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Materials: 1/4″ poplar planks and pine lattice, miter box, saw, liquid nails, finishing nails, onyx stain, tung oil finish

Description: My TV dug a huge gouge in my Lack TV table. Rather than throw it away or replace the top slab, I opted to cover it with poplar.

Since I don’t have a huge array of woodworking tools, I had to pick board sizes that required minimal cutting. I went with 2.5″ pine lattice and 6″ poplar planks – both 1/4″ in thickness.

I put the pine on the sides first with liquid nail adhesive. I also put a random nail or two in place to compensate for bends and bows. I mitered the sides, but I’m not sure if this made a noticeable difference in the final look.

Next, I put the poplar on the top, covering the pine lattice, and trimmed to create staggered joints. It wouldn’t have been a bad idea to cut and place the pieces before gluing so I could have a more random pattern. The boards got held down with a healthy bead of glue and tacked in place to smooth out the considerable bowing. I tried to select the flattest pieces of wood, but even small curves become noticeable when butted up against another board.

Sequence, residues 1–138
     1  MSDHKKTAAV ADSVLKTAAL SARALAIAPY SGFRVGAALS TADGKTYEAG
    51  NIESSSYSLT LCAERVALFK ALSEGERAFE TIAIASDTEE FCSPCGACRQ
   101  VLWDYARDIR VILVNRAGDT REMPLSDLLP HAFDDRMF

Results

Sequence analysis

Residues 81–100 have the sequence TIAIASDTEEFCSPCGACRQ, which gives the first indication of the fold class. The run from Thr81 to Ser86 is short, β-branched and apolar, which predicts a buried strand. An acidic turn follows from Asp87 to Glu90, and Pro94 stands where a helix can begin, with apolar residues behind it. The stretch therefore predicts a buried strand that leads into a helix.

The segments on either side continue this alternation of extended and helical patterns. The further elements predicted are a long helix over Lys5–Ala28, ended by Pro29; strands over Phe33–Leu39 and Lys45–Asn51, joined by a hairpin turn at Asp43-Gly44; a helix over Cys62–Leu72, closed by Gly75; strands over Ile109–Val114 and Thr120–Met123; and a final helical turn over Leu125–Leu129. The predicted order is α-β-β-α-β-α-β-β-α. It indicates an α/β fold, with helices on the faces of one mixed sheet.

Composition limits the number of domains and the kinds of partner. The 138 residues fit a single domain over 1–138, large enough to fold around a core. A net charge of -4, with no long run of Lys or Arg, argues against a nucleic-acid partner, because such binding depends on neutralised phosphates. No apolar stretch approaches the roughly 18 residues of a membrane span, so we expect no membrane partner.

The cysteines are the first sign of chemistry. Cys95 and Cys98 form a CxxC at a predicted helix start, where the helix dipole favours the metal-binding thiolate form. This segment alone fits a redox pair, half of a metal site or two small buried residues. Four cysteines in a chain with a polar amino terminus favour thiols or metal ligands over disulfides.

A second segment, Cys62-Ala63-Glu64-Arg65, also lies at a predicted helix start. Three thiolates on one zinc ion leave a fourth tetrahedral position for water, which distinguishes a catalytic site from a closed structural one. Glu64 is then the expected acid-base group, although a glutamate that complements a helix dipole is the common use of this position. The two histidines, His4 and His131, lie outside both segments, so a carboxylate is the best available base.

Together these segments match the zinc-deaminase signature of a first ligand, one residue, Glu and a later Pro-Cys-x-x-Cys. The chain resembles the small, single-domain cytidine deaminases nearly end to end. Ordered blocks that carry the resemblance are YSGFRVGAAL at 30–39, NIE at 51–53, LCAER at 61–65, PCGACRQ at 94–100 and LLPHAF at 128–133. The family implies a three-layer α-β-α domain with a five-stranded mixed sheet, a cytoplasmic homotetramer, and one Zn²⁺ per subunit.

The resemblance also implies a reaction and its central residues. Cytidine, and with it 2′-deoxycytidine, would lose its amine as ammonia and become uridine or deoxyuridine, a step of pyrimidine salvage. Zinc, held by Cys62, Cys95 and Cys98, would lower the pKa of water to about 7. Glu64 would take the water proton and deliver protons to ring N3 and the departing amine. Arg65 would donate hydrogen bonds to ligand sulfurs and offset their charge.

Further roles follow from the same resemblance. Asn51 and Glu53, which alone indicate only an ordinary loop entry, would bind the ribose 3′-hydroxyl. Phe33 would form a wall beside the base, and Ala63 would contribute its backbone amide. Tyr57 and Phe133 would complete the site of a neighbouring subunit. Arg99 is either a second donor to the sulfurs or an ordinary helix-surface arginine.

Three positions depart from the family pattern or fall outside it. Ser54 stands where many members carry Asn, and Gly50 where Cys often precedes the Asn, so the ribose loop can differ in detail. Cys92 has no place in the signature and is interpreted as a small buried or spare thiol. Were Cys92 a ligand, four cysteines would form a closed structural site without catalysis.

For joints with huge discrepancies, I used a hand planer to even out. The last board had a huge curve that created a 1/8 gap that I plugged with tiny slivers of left over wood. Once things were relatively smooth, I sanded pretty extensively with 60, 100, 150 and 220 grade sandpaper. I originally used wood putty to fill the nail holes and gaps, but it didn’t match the wood at all so I removed as much as I could and opted for elmers glue which absorbed the saw dust and worked way better.

I did some tests, but poplar isn’t great with stain so I used Tung Oil Finish. The pine was noticeably redder than then poplar, so I sampled some black stain on a corner. The stain only penetrated scratches, defects and other random spots, which when rubbed with a cloth looked kind of cool. So I did all the sides. The pine matched much better and lost its new “wood shop” look. I put two more coats of Tung Finish on and may do another later on.

I feel pretty good. I don’t have to trash the table or the top and I used a pretty tiny amount of wood, (enough to carry home on the bus).

~ Brendan, Astoria, NYC